Where total extraction methods such as longwall mining are employed, failure of the rock mass above the extraction horizon typically occurs and goaf is formed. The goaf is of reduced stiffness as compared to the original rock mass resulting in a portion of the overburden load above the extracted panel being distributed to adjacent solid coal away from the goaf edge. The distributed load is referred to as the abutment load. In Australia and the USA the longwall gateroad design methodologies Analysis of Longwall Tailgate Serviceability (ALTS) and Analysis of Pillar Stability (ALPS) were developed to assist in the design of chain pillar systems to satisfy gateroad serviceability requirements. Important to the application of both methods is a reasonably accurate determination of the vertical load carried by the chain pillars at the various stages of the longwall extraction cycles. To calculate the load, use is made of tributary area conceptsand the abutment angle model, which utilises the panel and pillar geometry, overburden density, the abutment angle (f) and analytical functions to describe the distribution and manifestation of the abutment load(s) about the longwall face. In Australiaand the USA the abutment angle and load distribution functions have been determined /calibrated based on industry wide underground investigations (i.e. vertical stress change monitoring of chain pillars).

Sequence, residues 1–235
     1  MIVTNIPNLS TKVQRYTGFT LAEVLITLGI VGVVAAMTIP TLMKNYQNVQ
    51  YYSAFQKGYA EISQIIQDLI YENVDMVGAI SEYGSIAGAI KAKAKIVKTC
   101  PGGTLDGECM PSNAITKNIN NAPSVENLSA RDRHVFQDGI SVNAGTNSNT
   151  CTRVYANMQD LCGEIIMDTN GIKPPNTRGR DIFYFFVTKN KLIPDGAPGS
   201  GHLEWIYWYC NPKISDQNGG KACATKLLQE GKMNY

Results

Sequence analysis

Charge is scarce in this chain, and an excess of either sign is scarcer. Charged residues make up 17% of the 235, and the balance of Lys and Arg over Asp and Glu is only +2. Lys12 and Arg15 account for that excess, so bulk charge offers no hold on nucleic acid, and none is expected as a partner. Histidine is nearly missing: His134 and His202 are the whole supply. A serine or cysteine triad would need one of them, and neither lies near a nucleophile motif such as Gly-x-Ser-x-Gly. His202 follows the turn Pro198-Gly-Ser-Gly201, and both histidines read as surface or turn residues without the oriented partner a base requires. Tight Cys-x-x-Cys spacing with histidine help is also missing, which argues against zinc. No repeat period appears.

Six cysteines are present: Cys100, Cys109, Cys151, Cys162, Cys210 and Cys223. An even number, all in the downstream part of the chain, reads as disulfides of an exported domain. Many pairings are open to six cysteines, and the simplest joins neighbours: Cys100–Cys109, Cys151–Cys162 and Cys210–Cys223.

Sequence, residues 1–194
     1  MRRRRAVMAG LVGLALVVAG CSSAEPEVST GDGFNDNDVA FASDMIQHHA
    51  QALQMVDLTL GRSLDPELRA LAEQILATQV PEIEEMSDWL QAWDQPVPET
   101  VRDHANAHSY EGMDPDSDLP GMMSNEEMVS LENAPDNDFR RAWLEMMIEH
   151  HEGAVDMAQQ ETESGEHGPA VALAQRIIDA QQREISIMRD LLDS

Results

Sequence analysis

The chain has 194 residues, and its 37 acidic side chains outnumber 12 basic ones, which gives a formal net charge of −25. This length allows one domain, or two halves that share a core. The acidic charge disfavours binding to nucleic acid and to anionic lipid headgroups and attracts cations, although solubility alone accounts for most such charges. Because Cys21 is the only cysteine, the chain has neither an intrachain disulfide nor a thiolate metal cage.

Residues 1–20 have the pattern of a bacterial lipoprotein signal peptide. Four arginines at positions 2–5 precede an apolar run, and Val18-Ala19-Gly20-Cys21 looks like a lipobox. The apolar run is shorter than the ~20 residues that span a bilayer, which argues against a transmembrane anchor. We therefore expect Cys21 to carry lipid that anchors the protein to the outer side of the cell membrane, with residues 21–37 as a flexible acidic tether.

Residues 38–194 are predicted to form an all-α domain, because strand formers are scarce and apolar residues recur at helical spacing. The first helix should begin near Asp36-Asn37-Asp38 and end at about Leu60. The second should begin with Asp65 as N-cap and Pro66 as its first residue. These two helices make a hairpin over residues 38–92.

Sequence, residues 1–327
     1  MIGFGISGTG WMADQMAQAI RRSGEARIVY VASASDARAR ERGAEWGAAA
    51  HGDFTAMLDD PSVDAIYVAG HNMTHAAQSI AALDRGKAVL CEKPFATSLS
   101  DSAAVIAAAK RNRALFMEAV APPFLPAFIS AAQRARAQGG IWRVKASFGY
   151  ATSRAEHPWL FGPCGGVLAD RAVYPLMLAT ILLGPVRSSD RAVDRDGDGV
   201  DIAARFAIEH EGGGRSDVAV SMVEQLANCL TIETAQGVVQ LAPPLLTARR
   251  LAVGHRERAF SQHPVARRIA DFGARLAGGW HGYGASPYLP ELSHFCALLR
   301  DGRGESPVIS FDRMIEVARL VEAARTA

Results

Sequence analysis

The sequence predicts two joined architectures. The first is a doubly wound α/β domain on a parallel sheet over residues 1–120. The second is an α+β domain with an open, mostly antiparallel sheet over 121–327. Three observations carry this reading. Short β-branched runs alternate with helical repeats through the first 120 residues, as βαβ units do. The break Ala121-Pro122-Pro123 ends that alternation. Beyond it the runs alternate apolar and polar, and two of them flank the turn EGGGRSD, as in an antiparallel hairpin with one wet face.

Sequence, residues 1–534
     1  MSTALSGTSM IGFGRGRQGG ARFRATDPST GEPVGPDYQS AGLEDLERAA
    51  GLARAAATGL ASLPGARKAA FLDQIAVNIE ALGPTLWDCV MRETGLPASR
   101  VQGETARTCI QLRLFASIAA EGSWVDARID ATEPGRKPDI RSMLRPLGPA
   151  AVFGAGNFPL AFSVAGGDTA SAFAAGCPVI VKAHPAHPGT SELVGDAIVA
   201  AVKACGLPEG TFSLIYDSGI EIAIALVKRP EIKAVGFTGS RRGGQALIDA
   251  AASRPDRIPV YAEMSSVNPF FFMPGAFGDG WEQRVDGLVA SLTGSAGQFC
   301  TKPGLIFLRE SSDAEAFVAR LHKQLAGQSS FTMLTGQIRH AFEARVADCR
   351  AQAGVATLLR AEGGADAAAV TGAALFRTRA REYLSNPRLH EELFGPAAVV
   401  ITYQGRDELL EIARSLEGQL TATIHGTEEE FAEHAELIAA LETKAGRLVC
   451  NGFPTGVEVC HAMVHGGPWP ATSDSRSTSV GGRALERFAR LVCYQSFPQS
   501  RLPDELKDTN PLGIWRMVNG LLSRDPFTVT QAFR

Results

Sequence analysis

While Tributary Area Theory and the Abutment Angle Model generally assist in providing a reasonable approximation to a complex issue, chain pillar monitoring studies conducted in Australia over approximately the last 30 years strongly indicate that without the application of prudent engineering judgement significant errors in the calculation of the abutment loads carried by the chain pillar system can be made. This paper explores the appropriate use of the abutment angle model for longwall tailgate design and details a number of case studies to highlight the issue.
An investigation of the coal seam gas content and composition in Soma Coal Basin, Turkey.
Olgun Esen, Anıl Soyl, Samet Can Özer, Ata Ramazani Rend and Abdullah Fisne